DevExplains: What are the DAC rules, and why do they matter?

Devex looks at what a break with DAC would mean for U.K. aid and other donors. Photo by: PublicDomainPictures from Pixabay

LONDON — Concerns have been mounting in U.K. civil society about the government’s commitment to the international aid spending rules following the opening of its new Foreign, Commonwealth & Development Office.

In recent years, the U.K. government has expressed displeasure with the guidelines by the Organisation for Economic Co-operation and Development's Development Assistance Committee that govern official development assistance — even though the U.K. played a big part in writing them.

While the government has publicly committed to spending 0.7% of gross national income on aid — a Conservative Party manifesto promise — ministers have been less forthcoming about the DAC rules, despite direct questions in Parliament. Development insiders worry there is less public awareness and admiration for DAC membership than the 0.7% target — which is enshrined in law — meaning it could be easier for the government to bypass.

While experts say it is common for the DAC rules to be bent as far as possible, even by respected donors, there are fears that U.K. development policy under the new department could lead to a substantial break with the rules. And with no consequences written into law, it would be easy for the U.K. government to do so, according to experts.

Devex looks at what a break with DAC would mean for U.K. aid and other donors.

What is DAC?

The Development Assistance Committee is a group within OECD made up of 30 of the world’s biggest donors, including the U.S., U.K., Germany, France, the European Union, Australia, and Japan.

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The website describes its current goal as promoting “development co-operation and other relevant policies so as to contribute to implementation of the 2030 Agenda for Sustainable Development ... and to a future in which no country will depend on aid.”

The U.K. in 1960 was a founding member of DAC’s predecessor, the Development Assistance Group, and the first reviews of foreign aid donors took place in 1962 as it worked to improve the tracking and standardization of aid flows. Since then, the organization has produced guidelines for quality aid spending. Any changes to the rules must be achieved by consensus.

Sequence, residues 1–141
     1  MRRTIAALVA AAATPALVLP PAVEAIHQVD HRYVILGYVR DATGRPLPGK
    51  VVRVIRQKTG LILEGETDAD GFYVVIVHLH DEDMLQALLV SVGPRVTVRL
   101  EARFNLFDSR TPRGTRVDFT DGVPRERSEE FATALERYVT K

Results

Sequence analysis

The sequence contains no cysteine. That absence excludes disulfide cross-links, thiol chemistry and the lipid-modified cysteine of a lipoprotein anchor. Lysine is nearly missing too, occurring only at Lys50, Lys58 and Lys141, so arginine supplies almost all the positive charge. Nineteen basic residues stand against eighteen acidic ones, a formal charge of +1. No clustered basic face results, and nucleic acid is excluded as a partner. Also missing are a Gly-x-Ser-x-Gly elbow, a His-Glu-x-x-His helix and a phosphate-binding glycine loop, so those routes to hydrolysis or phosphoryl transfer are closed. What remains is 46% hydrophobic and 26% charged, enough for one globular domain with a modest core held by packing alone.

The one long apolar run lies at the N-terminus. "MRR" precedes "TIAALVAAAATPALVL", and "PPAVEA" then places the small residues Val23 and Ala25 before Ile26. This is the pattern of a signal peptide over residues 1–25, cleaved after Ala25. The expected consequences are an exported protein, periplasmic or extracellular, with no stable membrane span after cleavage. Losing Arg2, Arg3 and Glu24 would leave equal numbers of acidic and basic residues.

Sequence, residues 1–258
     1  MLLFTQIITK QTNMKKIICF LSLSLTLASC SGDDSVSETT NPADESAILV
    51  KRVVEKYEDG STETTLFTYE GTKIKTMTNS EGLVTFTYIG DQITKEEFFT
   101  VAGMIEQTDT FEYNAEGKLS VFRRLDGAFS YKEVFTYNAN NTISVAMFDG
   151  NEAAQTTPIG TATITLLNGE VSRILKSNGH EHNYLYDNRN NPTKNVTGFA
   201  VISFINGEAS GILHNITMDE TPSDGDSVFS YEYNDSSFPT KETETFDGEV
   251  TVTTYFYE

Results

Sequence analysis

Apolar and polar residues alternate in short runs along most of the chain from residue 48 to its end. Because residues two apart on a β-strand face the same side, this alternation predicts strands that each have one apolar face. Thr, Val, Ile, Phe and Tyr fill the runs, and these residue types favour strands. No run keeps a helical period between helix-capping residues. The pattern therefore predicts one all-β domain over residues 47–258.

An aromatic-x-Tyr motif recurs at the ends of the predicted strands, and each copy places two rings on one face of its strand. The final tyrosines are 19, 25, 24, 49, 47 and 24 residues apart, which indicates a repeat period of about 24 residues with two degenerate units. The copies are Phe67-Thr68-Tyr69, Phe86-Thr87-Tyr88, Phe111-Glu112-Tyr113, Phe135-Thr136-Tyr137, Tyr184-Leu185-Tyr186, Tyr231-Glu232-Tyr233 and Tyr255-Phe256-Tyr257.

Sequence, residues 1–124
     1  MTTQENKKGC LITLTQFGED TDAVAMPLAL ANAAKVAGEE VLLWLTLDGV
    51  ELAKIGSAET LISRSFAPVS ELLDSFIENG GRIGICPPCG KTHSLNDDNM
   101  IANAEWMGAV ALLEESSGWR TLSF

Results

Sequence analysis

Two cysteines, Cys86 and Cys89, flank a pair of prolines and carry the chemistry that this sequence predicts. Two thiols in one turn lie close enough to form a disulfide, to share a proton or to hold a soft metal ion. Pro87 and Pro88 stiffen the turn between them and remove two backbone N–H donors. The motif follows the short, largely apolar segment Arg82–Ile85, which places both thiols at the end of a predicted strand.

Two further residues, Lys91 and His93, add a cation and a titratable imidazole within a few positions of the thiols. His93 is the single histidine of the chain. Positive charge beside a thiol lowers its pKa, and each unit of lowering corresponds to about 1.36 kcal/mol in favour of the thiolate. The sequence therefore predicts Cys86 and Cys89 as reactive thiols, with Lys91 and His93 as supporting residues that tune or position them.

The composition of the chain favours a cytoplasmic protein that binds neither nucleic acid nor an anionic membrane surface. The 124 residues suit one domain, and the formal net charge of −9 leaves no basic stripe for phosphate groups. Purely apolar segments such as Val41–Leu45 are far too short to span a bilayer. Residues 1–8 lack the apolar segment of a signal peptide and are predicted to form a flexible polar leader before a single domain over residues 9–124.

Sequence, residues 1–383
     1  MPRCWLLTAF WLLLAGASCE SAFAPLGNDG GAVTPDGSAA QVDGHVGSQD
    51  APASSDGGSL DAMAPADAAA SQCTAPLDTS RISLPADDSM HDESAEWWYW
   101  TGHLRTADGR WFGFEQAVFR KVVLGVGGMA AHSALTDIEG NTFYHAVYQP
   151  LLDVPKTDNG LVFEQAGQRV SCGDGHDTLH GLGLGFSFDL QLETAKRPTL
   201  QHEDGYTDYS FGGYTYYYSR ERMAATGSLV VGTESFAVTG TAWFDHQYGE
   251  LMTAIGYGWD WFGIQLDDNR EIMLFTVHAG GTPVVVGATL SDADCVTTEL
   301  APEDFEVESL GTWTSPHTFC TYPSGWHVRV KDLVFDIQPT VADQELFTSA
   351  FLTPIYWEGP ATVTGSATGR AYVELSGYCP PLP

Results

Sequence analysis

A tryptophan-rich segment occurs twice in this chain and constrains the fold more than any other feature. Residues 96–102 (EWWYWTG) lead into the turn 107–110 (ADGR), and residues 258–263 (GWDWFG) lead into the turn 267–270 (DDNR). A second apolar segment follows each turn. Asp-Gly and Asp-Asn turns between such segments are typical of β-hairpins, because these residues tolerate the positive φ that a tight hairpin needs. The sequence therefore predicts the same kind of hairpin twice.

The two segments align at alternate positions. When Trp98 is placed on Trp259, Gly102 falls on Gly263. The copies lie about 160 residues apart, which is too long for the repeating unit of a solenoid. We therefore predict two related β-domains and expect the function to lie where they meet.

What are the rules?

While the rules are technically complex, they fundamentally “define what we consider to be good foreign aid,” said Amy Dodd, head of engagement at Development Initiatives. Their importance is due to the impact they help achieve. “The rules are also a reflection of a lot of lesson learning; we’ve figured out what works best,” Dodd said.

DAC refers to its own rules as the “gold standard” of aid spending, under which “government aid ... promotes and specifically targets the economic development and welfare of developing countries.”

Experts point out that this definition is extremely broad and leaves donors with a lot of room for maneuver. The DAC rules do ban spending ODA on military aid and for security reasons — though there is an allowance of 15% of the budget for peacekeeping — as well as for commercial objectives. Even then, though, aid approved by DAC has found its way to security forces across the world.

DAC also defines the countries eligible to receive ODA based on per capita income — only low- and middle-income countries can receive DAC aid — and this is evaluated every three years. That has contributed to some of the tensions with the U.K. government, which wanted to use ODA to provide hurricane relief for its overseas territories that were deemed too rich.

DAC tracks and analyzes its members’ contributions to ODA each year. Together, DAC member countries spent $152.8 billion on ODA within the rules in 2019.

“[Undermining DAC rules] would really damage the reputation of our country [the U.K.] ... as a force for good in the world.”

— Romilly Greenhill, U.K. director, ONE Campaign

Why might the UK break with the rules?

Under domestic law, the U.K. is committed to spending 0.7% of gross national income on ODA. At the moment, it spends that within the rules set by DAC. But ignoring them would allow the U.K. government to put that money — billions of pounds per year — toward objectives that fall outside the DAC boundaries.